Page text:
The show can be a bit much at times, with psychedelic sequences seemingly taken right out of an acid trip and with a plot that is doled out to you like a slow IV drip. It explains very little, choosing to hold onto secrets for as long as possible while instead treating you to entertaining, if seemingly unrelated, vignettes over its 8 episode inaugural season. Basically, It’s everything that you’d expect when you hear the name, Neil Gaiman.
It’s within its characters that American Gods really finds its footing. Who cares if you aren’t exactly sure what’s happening when you're having a blast hanging out with Pablo Schreiber’s Mad Sweeney or, the always amazing, Ian McShane as Mr. Wednesday. Nearly every character is distinct and captivating in some way. Well… except for maybe the show’s lead, Shadow Moon, played by Ricky Whittle. Shadow is primarily used as an audience surrogate to take us into this crazy world. In the big picture, this is a minor gripe, but it’s the show’s decision to give him surprisingly very little to do in the back half of the season that's most confounding.
American Gods is another strong series from Starz, picking up after Black Sails, having wrapped up this spring. It’s certainly not for everyone, but if you can get into it, I think you’ll fall in love. It’s crazy and weird in all the best ways. Easily one of my favourite shows of 2017 so far.
Poor Iron Fist. I almost for sorry for this show. It had the toughest job of all of the Marvel Netflix shows. First of all, it centres around the character that is arguably the most difficult to adapt to the “gritty” Netflix MCU. I mean, have you ever seen a picture of Danny Rand from the comics? It’s also been dogged by a whitewashing controversy that people saw coming about 10 miles away. People were debating if an Asian American should be cast as Danny looong before Finn Jones got the role which only exacerbated the whole thing. Finally, it had the thankless task of setting up, and leading directly into, the much-anticipated Defenders crossover. Any of these things, taken on their own, would be difficult to overcome. Unfortunately, Iron Fist doesn’t manage to overcome a single one of these issues. Instead, it wallows in them while piling on a poor script, uninspired choreography, and a lead in Finn Jones who seems woefully miscast.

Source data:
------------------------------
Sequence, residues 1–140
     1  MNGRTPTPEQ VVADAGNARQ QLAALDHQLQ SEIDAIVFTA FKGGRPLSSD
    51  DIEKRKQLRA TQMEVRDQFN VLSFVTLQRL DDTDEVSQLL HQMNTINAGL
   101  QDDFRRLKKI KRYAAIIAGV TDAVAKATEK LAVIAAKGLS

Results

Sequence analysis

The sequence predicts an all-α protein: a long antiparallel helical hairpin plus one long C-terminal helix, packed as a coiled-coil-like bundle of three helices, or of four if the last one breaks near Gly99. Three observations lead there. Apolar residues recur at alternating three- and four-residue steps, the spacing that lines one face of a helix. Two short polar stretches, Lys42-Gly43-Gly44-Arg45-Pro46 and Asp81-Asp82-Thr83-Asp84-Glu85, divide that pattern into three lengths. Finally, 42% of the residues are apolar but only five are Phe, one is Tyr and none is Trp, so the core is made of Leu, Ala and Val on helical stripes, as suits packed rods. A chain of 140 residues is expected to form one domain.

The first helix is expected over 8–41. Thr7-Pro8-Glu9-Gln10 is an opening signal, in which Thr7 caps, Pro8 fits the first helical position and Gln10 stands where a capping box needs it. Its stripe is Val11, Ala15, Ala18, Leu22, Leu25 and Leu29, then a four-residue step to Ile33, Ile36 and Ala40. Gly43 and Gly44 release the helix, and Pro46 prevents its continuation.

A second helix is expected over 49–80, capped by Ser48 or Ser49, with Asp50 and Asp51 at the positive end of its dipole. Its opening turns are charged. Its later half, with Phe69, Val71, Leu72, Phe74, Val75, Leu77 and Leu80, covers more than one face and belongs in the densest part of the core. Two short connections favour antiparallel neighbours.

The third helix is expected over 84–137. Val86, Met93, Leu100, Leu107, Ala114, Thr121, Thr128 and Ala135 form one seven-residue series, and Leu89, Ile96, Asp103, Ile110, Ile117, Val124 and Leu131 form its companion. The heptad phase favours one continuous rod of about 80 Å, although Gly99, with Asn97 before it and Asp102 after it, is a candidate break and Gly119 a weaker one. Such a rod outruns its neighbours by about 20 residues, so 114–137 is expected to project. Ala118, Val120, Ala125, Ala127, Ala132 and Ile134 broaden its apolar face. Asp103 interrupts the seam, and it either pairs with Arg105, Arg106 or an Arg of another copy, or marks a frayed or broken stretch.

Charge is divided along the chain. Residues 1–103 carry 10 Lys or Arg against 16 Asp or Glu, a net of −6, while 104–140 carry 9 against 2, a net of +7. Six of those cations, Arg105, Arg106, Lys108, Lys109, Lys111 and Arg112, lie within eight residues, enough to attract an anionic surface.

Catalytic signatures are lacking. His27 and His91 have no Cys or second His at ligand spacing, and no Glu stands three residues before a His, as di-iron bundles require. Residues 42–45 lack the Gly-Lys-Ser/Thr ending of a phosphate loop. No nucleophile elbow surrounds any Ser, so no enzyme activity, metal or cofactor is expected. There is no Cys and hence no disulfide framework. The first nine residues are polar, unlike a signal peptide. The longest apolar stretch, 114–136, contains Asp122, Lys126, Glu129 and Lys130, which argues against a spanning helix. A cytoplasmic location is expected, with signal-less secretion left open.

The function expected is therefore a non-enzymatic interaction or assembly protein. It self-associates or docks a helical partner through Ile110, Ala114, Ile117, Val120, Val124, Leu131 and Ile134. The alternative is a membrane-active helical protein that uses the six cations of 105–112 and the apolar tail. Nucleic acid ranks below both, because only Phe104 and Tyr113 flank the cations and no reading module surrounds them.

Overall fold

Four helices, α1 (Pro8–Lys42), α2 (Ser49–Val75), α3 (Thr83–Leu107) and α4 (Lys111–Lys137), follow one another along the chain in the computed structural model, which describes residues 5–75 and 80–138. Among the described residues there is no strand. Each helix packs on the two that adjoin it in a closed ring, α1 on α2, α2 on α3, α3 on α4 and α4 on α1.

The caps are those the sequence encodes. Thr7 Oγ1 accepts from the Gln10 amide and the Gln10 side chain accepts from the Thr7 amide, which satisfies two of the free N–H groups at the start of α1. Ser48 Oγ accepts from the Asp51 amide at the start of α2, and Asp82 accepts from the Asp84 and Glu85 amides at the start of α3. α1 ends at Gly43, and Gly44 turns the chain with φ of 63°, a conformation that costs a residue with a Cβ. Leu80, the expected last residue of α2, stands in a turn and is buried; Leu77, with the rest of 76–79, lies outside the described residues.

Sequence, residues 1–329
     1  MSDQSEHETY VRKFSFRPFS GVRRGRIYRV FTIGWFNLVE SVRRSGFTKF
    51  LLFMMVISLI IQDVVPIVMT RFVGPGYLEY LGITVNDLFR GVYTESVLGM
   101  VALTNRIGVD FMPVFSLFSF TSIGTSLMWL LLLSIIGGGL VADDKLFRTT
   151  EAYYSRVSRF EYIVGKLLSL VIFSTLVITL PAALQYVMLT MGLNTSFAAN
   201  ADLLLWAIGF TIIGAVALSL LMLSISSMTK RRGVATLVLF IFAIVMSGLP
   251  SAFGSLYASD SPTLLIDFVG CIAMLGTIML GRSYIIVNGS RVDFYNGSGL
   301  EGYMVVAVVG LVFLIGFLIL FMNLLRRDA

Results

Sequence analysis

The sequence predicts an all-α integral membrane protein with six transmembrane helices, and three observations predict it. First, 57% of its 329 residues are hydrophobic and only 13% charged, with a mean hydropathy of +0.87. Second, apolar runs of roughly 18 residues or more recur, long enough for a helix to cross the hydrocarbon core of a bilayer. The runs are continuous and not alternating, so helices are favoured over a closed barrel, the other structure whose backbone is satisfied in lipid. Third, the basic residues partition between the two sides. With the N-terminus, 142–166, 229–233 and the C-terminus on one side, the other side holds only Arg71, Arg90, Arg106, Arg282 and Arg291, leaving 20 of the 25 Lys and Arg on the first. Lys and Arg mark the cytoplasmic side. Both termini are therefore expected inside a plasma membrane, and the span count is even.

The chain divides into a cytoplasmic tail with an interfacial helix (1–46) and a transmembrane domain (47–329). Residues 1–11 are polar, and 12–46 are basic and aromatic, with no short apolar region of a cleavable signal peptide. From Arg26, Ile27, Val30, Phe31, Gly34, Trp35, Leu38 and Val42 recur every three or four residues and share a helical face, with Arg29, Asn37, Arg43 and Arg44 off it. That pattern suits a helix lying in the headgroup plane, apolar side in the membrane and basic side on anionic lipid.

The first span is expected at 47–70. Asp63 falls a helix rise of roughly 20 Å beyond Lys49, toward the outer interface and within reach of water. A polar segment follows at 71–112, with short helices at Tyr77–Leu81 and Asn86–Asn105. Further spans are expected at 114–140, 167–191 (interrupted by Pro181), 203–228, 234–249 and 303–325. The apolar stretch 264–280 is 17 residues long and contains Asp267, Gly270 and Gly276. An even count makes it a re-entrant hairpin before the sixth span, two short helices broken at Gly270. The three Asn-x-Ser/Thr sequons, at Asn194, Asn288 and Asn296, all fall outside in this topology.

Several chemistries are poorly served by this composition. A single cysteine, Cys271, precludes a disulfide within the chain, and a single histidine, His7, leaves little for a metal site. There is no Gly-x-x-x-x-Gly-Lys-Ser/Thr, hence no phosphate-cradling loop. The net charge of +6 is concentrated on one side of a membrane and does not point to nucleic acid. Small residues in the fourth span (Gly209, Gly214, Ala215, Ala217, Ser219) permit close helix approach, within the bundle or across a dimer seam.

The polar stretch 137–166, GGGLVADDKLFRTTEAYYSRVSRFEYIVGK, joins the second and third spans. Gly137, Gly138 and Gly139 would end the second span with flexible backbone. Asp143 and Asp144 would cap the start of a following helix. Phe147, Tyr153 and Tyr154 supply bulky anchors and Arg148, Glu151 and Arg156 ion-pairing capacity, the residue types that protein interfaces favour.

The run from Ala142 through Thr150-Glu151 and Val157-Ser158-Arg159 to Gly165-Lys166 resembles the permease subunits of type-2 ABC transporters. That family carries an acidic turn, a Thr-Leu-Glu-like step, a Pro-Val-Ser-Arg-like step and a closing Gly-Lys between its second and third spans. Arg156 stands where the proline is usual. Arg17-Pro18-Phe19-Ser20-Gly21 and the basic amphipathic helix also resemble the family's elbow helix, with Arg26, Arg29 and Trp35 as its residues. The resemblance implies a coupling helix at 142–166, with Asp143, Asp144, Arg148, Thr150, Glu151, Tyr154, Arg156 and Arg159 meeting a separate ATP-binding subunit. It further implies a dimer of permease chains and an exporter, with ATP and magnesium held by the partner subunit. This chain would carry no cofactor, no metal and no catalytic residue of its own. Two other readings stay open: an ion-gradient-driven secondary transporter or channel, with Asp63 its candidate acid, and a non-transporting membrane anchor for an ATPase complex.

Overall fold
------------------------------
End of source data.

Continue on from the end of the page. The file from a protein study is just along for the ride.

All in all, this is a series that fails on almost every level and doesn’t inspire a lot of confidence in their strange Inhumans project - which has similar challenges and the same showrunner. Fortunately, with Netflix’s traditional release strategy of dumping all the episodes at once, the conversation surrounding the show died off relatively quickly. But not without more than a few snarky “think pieces” first. Looking forward, hopefully, we can return to the tradition of excellence that began with Daredevil and put this all behind us quickly with Defenders coming in August.
It’s been a hell of a first half of the year when it comes to TV. Lot’s of hits and very few misses. We’ve been spoiled with some of these amazing series’, and we have even more to look forward to in the back half of the year. Not the least of which is the return of Game of Thrones for its seventh season, the aforementioned Defenders and of course the long-awaited Star Trek: Discovery. The sun never sets in the era of peak TV, and I love every minute of it.